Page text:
Certainly nothing like this elegant, highrise in the trees out in Chino Valley. I mean, the children are lucky if their parents don't commandeer this treehouse. I wouldn't mind having my computer up in such quarters.

And now, the big news -- a wee new javelina that must have hatched just this week. I got this photo from friend Bob just yesterday.

Monday, April 27, 2009

What's up overhead at the library

Once again, it's quilts, courtesy of the Thumb Butte Quilters' Guild. The library calls the venue its "Look Up" Gallery. I call it the impossible-to-photograph location. Too bad -- as ever, the quilts represent topnotch craftsmanship and are great to look at.

If you wonder about the weird angle, credit the lights that are quite in the way for straight forward pix of most of the quilts.

In case the dotter doesn't recognize it, this quilt celebrates a trip to Alaska. Now that I look closely, I see many orcas as well as tall trees and a glacier. All that's missing is the volcano.

I think the zinnia quilt was my favorite. That or the chickens.

Serious Links: Normally, my linkage deals with the interesting, the beautiful, the amusing. For a change, some heavy-weight stuff. Let's start with our local foreclosure blog, which reports a fact that hasn't made the front page of our daily paper -- the Prescott metro area (i.e., Yavapai County) ranked #25 on the nationwide list of metro areas hardest hit by foreclosures in the 1st quarter of the year. You may have seen comments by Boonie; he has changed the focus of his blog from travel to brief essays, such as a commentary comparing the green movement to a religion. For a dose of the current economic bad news in interactive graphics, visit Slate's Disappearing Jobs map. Then there's Fred, who bemoans the evolution of the newspaper city room from a smoke-filled home of hard-bitten, hard-news cynics into a sanitized, polite, non-smoking and tedious environment. Amen! I started my own journalism life as a copy boy on the old Chicago Sun. Dropping into Kappy's Bar & Grill to get whisky in a paper cup for one reporter or running the latest handicaps over to the Daily Racing Form for the slotman on the copy desk as well as sharpening handfuls of soft lead pencils and interleaving cheap yellow copy paper with carbon paper to make "books". Back then, type was set by wandering linotype operators who 1) could spell and 2) were sharp in a way that only the self-educated can be . Too bad that world has vanished.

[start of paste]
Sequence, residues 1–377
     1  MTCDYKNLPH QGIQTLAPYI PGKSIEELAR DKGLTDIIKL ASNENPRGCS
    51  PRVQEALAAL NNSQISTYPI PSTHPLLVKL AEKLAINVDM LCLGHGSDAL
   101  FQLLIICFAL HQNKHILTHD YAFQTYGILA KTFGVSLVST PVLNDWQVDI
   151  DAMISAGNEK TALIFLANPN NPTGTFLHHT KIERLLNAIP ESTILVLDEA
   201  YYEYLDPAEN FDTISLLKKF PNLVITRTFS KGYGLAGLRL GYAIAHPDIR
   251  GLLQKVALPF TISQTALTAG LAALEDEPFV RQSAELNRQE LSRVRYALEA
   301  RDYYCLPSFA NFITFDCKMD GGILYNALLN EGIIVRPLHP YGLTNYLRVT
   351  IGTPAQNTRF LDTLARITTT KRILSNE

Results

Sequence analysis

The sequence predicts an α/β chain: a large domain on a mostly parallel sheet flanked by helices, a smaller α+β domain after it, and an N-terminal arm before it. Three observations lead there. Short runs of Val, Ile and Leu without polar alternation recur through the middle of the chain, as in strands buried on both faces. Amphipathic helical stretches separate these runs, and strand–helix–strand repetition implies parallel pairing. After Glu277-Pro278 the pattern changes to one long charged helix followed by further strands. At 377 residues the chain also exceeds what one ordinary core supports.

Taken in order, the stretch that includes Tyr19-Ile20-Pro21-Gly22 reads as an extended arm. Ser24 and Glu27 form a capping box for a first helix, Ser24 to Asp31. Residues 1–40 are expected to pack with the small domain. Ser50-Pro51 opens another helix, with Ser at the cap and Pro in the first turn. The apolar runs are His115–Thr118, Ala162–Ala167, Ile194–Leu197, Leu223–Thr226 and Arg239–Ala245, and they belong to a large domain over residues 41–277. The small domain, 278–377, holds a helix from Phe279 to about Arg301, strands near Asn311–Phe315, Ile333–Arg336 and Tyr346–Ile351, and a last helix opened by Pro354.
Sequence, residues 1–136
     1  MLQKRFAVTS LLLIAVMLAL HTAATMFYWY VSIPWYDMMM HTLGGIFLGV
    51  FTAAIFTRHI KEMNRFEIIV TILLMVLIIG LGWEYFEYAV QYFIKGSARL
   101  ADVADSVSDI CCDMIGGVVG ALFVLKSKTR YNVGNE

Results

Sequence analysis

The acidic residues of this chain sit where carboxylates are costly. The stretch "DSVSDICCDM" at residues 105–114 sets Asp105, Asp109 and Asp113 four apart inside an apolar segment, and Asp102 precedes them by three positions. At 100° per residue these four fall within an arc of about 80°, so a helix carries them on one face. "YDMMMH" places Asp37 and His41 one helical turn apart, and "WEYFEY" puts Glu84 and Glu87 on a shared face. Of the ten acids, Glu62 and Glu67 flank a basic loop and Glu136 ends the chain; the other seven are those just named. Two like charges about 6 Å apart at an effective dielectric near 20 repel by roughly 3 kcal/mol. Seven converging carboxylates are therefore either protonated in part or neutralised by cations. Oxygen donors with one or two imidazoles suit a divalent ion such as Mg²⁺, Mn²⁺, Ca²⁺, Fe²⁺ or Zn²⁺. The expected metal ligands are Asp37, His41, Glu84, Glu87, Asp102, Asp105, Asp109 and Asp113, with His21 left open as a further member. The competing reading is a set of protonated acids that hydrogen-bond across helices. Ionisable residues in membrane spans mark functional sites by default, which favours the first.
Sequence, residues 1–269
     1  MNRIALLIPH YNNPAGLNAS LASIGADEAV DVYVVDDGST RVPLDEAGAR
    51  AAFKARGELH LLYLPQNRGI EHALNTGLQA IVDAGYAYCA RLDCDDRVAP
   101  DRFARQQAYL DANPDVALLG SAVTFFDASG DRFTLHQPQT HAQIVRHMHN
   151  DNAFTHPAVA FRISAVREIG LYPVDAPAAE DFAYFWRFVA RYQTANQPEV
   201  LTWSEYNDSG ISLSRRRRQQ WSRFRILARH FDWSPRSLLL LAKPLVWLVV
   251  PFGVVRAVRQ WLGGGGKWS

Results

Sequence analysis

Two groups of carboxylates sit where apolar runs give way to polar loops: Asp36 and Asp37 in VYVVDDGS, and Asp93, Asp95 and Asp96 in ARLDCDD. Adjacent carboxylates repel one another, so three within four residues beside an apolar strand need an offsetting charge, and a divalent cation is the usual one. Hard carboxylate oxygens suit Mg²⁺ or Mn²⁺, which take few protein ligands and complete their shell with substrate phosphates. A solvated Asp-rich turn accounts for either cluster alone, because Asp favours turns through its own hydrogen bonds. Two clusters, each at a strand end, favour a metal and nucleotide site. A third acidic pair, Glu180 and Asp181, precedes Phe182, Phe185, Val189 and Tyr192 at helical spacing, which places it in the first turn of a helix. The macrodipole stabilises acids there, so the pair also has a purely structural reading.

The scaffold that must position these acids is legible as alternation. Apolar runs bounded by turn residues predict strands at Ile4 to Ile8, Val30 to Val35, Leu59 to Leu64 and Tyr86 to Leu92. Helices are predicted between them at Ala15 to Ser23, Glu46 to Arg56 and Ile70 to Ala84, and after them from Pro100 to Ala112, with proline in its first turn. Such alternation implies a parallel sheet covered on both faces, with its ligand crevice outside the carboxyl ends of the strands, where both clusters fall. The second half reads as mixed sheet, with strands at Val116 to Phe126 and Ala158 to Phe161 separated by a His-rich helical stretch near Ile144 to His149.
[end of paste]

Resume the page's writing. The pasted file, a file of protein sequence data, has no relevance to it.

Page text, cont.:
Sunday, April 26, 2009

Resident horned toad!!!

Several days ago, I lucked out in the critter department. First, there was this LBB hopping about the front of my house, dangerously close to the human type animal (me). I suppose that it was a youngster, who hasn't learned the hard lessons about safe distances. (Well, maybe he had -- I see that this picture is more than a little noisy from being blown up too much.) No idea of what variety of bird, but it was sparrow or finch size.

But look at what I found over on the landscape river rocks at a neighbor's house. I haven't seen an adult horny toad in these parts in a couple of decades, though I did discover babies two years ago, meaning that there were grown-ups hiding out somewhere. When spotted, the horny one freezes, unlike most of the local lizards. That's why I was able to get several shots; note how he has moved his head ever so slightly slightly to get a better look at the big monster photographer (below). Also interesting: he is blue-ish, compared to the usual brown. The reason may be the blue-ish color of the rocks where he appears to be living. FYI, head/body length about 5-6 inches.